Amid the ongoing row over the arrest of Jawaharlal Nehru University (JNU) students’ union leader Kanhaiya Kumar, people protesting in the downtown area of Srinagar were seen raising ‘Thank You JNU’ posters. What appeared shocking was that alongside these posters, people were also seen waving the ISIS flags.
Former Jammu and Kashmir chief minister Omar Abdullah tweeted:
Fierce clashes between security forces and locals erupted in Old Srinagar after Friday prayers. Several men, with their faces covered, were seen pelting stones at security forces.
Meanwhile in Delhi on February 18, thousands of students marched through the streets demanding the release of Kumar, who was arrested on sedition charges for allegedly chanting “anti-national” slogans at an event in the university.
The marchers carried flowers, placards and banners with the image of the arrested student, Kanhaiya Kumar, and accused the government of muzzling dissent and campus activism.
Students in Delhi played drums, sang songs and carried placards reading “Defend Free Speech, Defend Democracy” and “Just because I don’t agree, doesn’t mean I am an anti-national.” Others wore T-shirts reading “My Friend, Kanhaiya.”
After a week-long standoff between the government and the students and teachers of JNU in Delhi, protests have spread to several other Indian cities as well.
“We are not protesting just to save Kanhaiya Kumar. The battle is bigger than that,” said Seemi Zafar, a PhD student in social medicine at JNU.
Kumar was arrested because officials said he was present at a campus event where masked men shouted slogans about breaking up India into pieces.
On February 17, Kumar was sent to Tihar jail for fourteen days. His lawyers had sought bail on February 18, citing threat to his life in Tihar Jail. He would be kept in isolation for these fourteen days as authorities don’t want to take any chances.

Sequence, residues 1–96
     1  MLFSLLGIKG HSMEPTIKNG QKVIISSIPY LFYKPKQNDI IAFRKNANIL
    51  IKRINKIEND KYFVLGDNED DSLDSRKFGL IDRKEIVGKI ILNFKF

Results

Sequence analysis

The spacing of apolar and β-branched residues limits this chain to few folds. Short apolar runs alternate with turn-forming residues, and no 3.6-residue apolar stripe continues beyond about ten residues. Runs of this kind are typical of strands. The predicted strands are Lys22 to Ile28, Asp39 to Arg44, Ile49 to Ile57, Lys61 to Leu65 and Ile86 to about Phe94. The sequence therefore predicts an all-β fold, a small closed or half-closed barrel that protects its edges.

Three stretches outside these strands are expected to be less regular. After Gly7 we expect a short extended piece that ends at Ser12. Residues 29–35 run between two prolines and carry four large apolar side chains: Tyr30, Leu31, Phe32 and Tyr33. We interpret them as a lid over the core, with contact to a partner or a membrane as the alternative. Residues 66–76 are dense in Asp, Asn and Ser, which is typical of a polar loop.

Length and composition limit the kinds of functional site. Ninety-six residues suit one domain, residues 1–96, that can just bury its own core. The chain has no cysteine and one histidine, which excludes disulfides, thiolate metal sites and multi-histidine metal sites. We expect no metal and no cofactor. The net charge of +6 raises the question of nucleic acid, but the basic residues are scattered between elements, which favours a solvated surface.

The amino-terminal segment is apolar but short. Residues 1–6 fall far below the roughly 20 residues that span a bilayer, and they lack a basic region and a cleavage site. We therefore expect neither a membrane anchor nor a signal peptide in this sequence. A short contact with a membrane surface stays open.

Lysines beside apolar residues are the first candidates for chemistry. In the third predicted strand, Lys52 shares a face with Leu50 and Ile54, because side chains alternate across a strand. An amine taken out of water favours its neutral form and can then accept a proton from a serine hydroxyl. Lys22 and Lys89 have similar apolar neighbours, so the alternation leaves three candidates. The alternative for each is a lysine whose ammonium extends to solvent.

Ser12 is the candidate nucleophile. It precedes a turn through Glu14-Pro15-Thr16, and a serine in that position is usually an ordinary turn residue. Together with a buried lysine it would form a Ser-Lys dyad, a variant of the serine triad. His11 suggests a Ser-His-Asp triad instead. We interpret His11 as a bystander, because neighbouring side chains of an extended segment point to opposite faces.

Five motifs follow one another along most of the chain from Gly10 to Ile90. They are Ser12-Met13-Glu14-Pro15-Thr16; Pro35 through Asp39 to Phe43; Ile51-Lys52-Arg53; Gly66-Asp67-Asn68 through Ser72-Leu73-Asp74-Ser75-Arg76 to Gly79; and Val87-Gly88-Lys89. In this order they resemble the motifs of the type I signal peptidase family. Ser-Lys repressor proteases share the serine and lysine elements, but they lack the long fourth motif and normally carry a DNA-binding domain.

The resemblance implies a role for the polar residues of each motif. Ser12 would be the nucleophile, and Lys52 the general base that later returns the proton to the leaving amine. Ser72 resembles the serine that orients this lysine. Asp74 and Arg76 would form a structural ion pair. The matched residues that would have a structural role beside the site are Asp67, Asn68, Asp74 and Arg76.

In his bail petition, Kanhaiya said there is repeated breakdown of law and order at the Patiala House Courts despite directives of the apex court, making it impossible for him and his lawyers to approach the sessions court for bail. Earlier, eminent scholars and intellectuals from around the world, including philosopher Noam Chomsky, Nobel laureate Orhan Pamuk, Columbia University professor Sheldon Pollock and filmmaker Mira Nair, issued a statement of “heartfelt solidarity” with the JNU students and faculty.
On February 19, a meeting chaired by Human Resource Development Minister Smriti Irani has decided that the national flag will be installed in every central university – “prominently and proudly” – on a 207-foot pole.
“At a central place at every university, the national flag will be flown prominently and proudly,” said a resolution unanimously passed at the conference of vice-chancellors of central universities. The first of these high mast flags will be installed at the JNU in New Delhi, sources said.